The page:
We were thus interested in developing a shortened protocol that would minimize side effects but still provide reliable and valid results. There have been several previous suggestions for shortened protocols (4,22,33). Perhaps the most noteworthy proposition is that of Bar-Or et al. (4), originators of the 30-second test. They argued that a 15-second cycle-ergometer sprint provided a safe and reliable measure of both peak and mean power in men and women of advanced age. They found that the 15-secT was less fatiguing than the original protocol was, thus allowing them to make several evaluations of PPO and MPO within a given trial. However, all previous authors began from the standpoint of using a shortened test to predict 30-second values, rather than considering the 15-secT as having a greater construct validity in its own right. Furthermore, the reliability of the 15-secT has not been evaluated in young and athletic adults, nor has its criterion validity been assessed relative to the standard 30-secT. This study thus examined the reliability, validity, and value of the 15-secT in a substantial sample of physical education students; measures included the intraclass correlation coefficient (ICC), the SEM, the minimal detectable change (MDC), and a direct comparison of 15-secT with 30-secT values. The ICC is unfortunately influenced by intersubject variability and moreover cannot assess systematic bias (7,10). The SEM is not affected by intersubject variability (19); it quantifies the precision of individual scores and can be used to establish MDC (18), the amount by which an athlete's performance must change to be sure that an apparent alteration in score is not simply because of measurement error. The MDC must in turn be distinguished from the smallest worthwhile change (SWC), a subjective assessment of the smallest change in outcome that has practical importance for an athlete.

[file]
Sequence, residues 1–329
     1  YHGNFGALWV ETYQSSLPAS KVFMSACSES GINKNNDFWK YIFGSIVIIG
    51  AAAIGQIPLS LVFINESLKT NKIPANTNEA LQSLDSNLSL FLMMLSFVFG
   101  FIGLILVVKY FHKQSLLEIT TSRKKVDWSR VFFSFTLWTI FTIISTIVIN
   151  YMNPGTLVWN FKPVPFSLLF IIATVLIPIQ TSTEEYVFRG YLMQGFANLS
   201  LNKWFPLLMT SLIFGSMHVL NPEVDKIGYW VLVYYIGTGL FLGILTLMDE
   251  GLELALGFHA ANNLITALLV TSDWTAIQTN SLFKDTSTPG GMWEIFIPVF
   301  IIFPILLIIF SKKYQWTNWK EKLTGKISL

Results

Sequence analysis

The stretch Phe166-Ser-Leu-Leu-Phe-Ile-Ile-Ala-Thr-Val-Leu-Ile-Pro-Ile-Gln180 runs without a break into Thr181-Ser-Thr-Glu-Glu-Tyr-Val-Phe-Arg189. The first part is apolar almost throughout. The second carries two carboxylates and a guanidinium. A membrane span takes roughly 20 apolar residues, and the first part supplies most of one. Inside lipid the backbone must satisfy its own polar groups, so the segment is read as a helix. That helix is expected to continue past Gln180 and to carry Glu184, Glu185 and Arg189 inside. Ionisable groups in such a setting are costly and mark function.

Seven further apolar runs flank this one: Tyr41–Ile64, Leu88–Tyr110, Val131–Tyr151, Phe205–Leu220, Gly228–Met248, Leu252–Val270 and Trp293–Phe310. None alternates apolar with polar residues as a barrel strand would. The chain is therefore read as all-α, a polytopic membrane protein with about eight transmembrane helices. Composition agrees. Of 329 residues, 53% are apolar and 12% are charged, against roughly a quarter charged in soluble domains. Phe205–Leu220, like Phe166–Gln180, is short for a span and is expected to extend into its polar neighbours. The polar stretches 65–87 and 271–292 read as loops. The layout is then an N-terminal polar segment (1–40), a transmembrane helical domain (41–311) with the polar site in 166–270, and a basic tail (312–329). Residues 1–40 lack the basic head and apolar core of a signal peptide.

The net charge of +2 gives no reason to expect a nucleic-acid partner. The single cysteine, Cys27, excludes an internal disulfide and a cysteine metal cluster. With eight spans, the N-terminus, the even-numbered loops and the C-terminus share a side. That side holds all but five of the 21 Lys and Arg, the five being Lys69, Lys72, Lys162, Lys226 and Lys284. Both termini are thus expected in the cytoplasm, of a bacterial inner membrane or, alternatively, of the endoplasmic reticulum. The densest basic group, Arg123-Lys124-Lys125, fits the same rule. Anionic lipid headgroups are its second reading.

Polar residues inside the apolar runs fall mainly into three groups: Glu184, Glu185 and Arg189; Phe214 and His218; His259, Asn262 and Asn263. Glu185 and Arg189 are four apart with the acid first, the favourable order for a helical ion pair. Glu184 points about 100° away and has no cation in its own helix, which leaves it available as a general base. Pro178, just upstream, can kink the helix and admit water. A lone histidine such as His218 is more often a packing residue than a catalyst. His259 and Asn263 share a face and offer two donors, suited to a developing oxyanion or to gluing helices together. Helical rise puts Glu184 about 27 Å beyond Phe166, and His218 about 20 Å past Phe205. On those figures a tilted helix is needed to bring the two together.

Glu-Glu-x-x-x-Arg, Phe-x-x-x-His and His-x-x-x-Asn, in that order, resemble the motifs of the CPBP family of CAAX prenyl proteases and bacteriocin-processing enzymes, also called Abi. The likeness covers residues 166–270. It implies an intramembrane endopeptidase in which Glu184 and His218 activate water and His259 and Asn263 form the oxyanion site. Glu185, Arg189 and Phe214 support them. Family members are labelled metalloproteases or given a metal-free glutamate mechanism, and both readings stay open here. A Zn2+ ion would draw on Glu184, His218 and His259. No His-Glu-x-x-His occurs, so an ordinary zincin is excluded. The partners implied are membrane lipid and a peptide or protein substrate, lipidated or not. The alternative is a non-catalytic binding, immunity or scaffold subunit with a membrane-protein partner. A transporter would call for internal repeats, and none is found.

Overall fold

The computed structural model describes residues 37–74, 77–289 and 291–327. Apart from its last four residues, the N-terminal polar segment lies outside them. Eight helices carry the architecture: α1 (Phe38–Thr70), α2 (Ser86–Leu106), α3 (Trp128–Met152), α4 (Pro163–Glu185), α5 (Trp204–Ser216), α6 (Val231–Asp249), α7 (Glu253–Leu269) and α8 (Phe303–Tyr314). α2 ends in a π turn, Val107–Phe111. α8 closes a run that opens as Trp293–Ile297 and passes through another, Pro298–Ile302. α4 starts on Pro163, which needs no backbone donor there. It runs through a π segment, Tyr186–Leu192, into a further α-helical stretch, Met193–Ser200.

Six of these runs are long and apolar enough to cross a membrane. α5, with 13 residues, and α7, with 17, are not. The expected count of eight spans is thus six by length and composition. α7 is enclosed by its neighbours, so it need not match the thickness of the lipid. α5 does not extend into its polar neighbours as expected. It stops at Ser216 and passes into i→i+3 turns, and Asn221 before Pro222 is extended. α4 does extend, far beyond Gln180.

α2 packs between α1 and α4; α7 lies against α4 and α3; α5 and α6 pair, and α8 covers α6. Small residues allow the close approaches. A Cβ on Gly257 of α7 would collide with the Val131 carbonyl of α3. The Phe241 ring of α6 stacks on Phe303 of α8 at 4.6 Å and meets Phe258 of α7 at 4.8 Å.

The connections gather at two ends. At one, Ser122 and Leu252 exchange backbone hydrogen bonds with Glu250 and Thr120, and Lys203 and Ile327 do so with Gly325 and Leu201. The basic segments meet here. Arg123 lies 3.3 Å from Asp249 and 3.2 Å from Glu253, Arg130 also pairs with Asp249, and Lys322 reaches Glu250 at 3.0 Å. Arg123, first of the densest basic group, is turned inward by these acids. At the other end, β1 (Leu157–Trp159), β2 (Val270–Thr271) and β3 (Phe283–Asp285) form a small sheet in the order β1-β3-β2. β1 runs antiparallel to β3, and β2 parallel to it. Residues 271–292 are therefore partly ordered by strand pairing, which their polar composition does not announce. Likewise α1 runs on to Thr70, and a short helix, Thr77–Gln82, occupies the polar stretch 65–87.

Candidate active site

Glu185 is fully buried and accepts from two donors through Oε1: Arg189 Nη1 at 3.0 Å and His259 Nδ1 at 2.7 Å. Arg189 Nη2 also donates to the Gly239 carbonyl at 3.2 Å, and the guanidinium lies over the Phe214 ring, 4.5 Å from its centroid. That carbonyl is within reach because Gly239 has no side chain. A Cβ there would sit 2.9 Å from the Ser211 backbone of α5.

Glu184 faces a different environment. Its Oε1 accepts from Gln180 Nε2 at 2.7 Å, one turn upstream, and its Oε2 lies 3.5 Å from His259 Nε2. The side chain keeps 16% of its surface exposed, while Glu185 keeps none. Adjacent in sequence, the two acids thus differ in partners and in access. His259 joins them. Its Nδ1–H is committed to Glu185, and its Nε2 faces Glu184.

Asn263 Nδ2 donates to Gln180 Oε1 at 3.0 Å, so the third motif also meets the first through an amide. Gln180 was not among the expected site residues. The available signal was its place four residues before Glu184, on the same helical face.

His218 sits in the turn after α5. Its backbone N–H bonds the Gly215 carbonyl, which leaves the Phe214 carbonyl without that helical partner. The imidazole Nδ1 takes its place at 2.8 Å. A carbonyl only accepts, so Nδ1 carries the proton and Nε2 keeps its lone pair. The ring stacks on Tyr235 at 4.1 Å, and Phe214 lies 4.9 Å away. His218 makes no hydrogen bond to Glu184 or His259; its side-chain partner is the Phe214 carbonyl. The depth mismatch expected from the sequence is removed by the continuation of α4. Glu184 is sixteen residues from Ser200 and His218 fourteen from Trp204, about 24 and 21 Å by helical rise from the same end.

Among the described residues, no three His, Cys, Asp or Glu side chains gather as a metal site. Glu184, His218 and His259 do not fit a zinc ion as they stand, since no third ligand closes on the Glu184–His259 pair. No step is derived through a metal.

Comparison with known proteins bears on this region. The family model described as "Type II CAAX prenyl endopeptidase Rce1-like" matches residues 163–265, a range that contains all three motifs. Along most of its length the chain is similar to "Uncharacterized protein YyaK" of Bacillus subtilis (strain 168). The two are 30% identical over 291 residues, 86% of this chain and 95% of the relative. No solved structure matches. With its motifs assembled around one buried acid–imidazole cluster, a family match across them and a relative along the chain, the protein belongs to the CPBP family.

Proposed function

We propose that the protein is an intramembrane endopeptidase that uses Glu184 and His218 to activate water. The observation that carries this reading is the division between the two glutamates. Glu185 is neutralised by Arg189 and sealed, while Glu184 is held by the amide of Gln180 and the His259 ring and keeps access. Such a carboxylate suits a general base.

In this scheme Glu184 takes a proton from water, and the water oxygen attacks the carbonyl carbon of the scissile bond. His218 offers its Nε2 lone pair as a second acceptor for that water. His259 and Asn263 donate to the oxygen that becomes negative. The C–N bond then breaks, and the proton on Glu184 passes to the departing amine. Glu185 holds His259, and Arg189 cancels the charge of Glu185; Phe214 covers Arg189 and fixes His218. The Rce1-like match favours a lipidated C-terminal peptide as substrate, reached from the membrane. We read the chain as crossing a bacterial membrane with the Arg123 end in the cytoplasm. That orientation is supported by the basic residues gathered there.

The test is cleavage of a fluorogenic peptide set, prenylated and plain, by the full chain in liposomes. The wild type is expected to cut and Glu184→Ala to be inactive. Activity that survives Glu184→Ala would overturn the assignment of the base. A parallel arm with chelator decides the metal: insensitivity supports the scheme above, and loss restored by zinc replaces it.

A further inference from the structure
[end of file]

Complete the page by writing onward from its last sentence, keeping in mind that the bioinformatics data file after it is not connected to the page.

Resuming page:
Experimental Approach to the Problem
The test-retest reliability and the criterion-related validity of the 15-secT were evaluated on physical education students. The outcome measures of absolute and relative PPO, MPO, and the FI were validated relative to the data obtained from standard 30-second Wingate tests. The findings justify the use of the abbreviated (and subjectively more pleasant) protocol in young athletes.
The subjects were 46 male and 23 female sport-science students, pursuing degrees in Exercise Science and Physical Education with an emphasis upon various team sports, including football, basketball, rugby, and handball (mean ± SD: age 20.7 ± 1.6 years, stature 1.71 ± 0.09 m, body mass 73.2 ± 9.4 kg). They had 6 ± 1.5 years of experience in their respective sports and were training in their clubs 5–6 times per week (i.e., 10–12 hours weekly). All the participants gave their written and informed consent to the study after receiving a thorough explanation of the protocol. This conformed to internationally accepted policy statements regarding the use of human subjects and was approved by the University Ethics Committee in accordance with the Helsinki declaration.